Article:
Report on the Silver Suite and Owner’s Suite: both a lot larger than I had anticipated, with lots of unnecessary sinks and closets and doors, but not much of an improvement décor-wise. I had expected really nice colors and fabrics Nope. Same old drab monochromatic stuff that’s in all of the rooms. Worth it? Here with a family, maybe. Here as a solo or couple, nah.

Chose as my activities this afternoon (a) to be a spectator at the blackjack tournament, which produced a turnout of about 14 hard-nosed players who weren’t fooling around; you pay only $20 to play, they give you $300 worth of “tournament” ships and play off against six other competitors per table for seven hands of blackjack, until they get to the final seven, who then play off until there is a winner; was great to watch and I’m signing on tomorrow now that I’ve had a chance to observe the winning strategies; (b) Team Trivia where the Soloists came in second against seven other teams, all of which are comprised of very, VERY tough trivia players; and (c) galley tour with the ship’s executive chef, who took us through the kitchens, dishwashing areas, etc.– pretty impressive.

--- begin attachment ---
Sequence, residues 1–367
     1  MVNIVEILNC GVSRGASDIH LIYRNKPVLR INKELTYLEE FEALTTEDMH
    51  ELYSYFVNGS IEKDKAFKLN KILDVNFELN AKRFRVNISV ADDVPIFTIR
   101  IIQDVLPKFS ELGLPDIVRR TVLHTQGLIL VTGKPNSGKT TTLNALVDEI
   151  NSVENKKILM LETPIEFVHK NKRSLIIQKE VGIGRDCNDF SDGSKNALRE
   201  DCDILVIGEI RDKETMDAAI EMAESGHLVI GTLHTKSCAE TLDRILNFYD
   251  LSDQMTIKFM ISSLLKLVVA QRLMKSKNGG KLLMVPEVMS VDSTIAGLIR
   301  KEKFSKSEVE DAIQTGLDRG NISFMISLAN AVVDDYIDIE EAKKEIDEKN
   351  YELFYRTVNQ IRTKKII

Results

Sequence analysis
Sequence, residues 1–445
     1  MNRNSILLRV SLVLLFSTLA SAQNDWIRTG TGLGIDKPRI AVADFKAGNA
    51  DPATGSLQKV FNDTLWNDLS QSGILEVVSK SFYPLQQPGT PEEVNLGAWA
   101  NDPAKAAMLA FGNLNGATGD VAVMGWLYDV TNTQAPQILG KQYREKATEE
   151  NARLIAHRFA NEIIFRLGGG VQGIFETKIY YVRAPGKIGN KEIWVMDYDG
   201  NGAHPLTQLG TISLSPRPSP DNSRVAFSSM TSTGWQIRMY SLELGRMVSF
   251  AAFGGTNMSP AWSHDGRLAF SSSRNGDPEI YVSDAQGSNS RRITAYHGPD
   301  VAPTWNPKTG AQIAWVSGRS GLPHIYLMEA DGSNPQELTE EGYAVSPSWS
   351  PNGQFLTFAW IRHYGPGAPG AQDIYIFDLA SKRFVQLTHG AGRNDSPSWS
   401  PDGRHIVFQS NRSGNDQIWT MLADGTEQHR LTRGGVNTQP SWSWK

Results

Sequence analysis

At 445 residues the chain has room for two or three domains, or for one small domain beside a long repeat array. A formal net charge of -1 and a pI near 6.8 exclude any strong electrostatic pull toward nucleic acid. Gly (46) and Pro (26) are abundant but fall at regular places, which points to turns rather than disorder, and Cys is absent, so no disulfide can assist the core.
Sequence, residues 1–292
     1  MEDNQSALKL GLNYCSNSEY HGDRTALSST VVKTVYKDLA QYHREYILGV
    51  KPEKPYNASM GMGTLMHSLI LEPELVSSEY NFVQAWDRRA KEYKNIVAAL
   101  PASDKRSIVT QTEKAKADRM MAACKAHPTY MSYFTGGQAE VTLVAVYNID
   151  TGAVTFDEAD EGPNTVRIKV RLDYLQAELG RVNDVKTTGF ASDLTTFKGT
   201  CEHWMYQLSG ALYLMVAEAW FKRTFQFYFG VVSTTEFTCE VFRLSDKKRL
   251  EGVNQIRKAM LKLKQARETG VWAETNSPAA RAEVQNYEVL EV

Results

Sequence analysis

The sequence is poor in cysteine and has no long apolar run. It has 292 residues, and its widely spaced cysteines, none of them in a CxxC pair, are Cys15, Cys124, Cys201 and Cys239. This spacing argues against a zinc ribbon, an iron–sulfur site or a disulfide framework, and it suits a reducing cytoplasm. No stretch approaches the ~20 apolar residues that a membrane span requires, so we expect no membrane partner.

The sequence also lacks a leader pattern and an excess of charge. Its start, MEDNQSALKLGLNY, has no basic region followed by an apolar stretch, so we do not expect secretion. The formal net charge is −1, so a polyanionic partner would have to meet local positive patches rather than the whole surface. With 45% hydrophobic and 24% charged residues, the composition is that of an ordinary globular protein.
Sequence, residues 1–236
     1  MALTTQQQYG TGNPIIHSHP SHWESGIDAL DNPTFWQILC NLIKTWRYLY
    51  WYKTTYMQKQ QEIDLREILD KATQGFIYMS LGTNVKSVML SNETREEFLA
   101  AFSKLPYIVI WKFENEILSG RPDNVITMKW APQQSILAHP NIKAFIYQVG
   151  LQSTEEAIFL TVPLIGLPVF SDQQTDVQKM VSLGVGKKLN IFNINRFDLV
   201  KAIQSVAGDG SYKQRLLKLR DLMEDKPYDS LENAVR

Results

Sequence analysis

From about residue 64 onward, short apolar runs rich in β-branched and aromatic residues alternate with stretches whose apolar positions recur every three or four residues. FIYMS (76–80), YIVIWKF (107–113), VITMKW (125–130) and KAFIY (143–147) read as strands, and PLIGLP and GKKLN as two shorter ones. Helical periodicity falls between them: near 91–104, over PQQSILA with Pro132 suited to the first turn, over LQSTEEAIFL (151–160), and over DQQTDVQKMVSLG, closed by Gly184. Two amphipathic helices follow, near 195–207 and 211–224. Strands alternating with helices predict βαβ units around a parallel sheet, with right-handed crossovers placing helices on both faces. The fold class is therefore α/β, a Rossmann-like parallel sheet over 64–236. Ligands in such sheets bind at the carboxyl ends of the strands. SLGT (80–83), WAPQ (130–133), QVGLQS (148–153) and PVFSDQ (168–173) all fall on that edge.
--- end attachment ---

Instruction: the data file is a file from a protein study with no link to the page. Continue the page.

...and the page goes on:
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Whoa!!! What’s going on here? All of a sudden our sunny, balmy day and calm seas have been replaced in short order by a dome of clouds and very rough waters. In the fore and aft parts of the ship, it’s pitching and rolling so hard that it’s actually difficult to stand. The talk everywhere is about queasy stomachs and the availability of Dramamine (which I have, but haven’t taken because while I feel a little disoriented, I don’t feel ill. Matter of fact, I’m ready for a drink pretty soon.) People are walking down the halls, swaying and stumbling like drunken sailors. It’s not raining and according to the Captain, it’s not threatening to do so, but our dinner tonight is a barbeque on the Pool Deck and sweaters are advised.